Right out of the blocks host Kenyan President William Ruto underlined the topic that would dominate the discussions: finance! In his welcome address, he said, “we must see in green growth not just a climate imperative but also a fountain of multibillion dollar opportunities that the world is poised to capitalise (sic)”. The rest of his speech was littered with business-friendly language: “I invite us to adopt an opportunity lens…”; “the unparalleled opportunity that climate represents for Africa…”; “an unparalleled gold mine…”; “some of our assets are not in the balance sheet”; “we can be a region that helps others achieve their net zero objectives…”; “trillions of dollars are looking for investment opportunities as the need to decarbonise our economies heightens”. President Ruto was a man on a mission to secure the bag.

He even absolved the countries responsible for the climate emergency of the primary duty to fix the mess that they created: “The conversation of North vs South must come to an end; the conversation of who did what is not a luxury we can afford.” It was clear that African leaders were playing nice in order to get something in return.

It was a bit painful to watch AU Commissioner Sacko stumble through her speech, even forgetting former Ethiopian Prime Minister Hailemariam Desalegn Boshe’s name at some stage. Why did she not speak in Portuguese, her first language?

One by one, African leaders rattled off a litany of grievances. Africa contributed less than 4% of global CO2 emissions but was bearing the brunt of the climate crisis. They were dealing with the challenges by planting trees here and there, but more was needed for adaptation and mitigation. That is all they kept talking about – planting trees. They urged the countries of the Global North to honour their Paris pledges.

While it is true that Africa produces less than 4% of annual global emissions and that it has some of the world’s most efficient carbon sinks, including the Congo Basin rainforest and the West African rainforest (in Liberia, Sierra Leone, etc.), it would have been nice to hear someone put a clear face to the climate disaster.

Instead, there was a blanket statement along the lines of “Africa has been witnessing droughts, flooding and although we cause only 4% of…”. Africa’s political class arrogated to themselves the role of mediator between the continent and foreign investors, although they do not face climatic shocks in any significant way.

Sacko said in her opening statement, “climate change is a pandemic in Africa”. In recent times, we have seen:

  • About seven coups in West Africa’s ‘coup belt’ where decades of drought and searing heat have decimated the flora and fauna, causing some of the worst malnutrition and precarity that exists anywhere in the world;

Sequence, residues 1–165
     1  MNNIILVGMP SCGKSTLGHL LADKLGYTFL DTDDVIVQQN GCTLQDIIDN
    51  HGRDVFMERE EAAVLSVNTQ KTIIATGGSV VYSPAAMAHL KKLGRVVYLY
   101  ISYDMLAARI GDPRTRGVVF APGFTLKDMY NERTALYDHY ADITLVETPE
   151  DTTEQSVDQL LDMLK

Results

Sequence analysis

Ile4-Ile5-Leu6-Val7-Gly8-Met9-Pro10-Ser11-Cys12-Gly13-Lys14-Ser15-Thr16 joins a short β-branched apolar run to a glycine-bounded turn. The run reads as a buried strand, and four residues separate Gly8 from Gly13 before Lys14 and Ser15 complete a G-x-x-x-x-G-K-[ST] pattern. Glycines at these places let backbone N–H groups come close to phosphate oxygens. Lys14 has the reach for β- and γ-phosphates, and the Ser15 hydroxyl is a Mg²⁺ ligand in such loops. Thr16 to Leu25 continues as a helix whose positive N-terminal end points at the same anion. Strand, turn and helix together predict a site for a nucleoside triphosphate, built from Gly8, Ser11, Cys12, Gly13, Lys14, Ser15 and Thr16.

• Multi-year droughts in the horn of Africa that has been causing displacement, crop failures and an increase in child malnutrition;
  • The first famine caused by climate change in Madagascar;
  • Multi-year droughts in Southern Africa that killed millions of livestock in Angola, Namibia, South Africa, Botswana and Zimbabwe;
  • Rainfall and flooding that claimed dozens of lives and washed away thousands of homes in South Africa, the Democratic Republic of Congo, Côte d’Ivoire, Nigeria, Senegal and many other countries in 2022-23.
  • Torrential rainfall and flooding that claimed 5,000 lives in Libya.

Predictably, von der Leyen, like other major world leaders, outlined the very hard work that they had already done to tackle the climate crisis. She mentioned the one billion Euro contribution allocated to the EU Global Gateway2 initiative to unlock investments in green initiatives in Africa, from dams in the DRC to strengthening government capacity to access green bonds elsewhere. Interestingly, that is exactly the same amount of money that the EU is giving one country, Tunisia, to stop migrants from crossing over into Europe.

Von der Leyen underscored that the EU’s future climate action would be built around three pillars: 1) attracting private capital to Africa (green bonds and the like); 2) carbon pricing and markets (pricing for polluter pay policies); and 3) carbon targets for every entity. It was the same political speak with little ownership for causing the problem or ambitious declaration of funds transfer from the Global North to the Global South.

Mo Ibrahim later narrated an anecdote told to him by former EU President Jean- Claude Juncker. Juncker had told him that EU politicians knew the right thing to do, but then they did not know how to get elected if they did the right thing. Mo Ibrahim added politicians from the Global North were happy to go to summits and announce big pledges that made them look good but which they could not honour. This behaviour was behind the litany of broken promises from Paris to Sharm El-Sheik and beyond. Prescient words, but they did not dampen the ardour of the leaders and NGOs in attendance.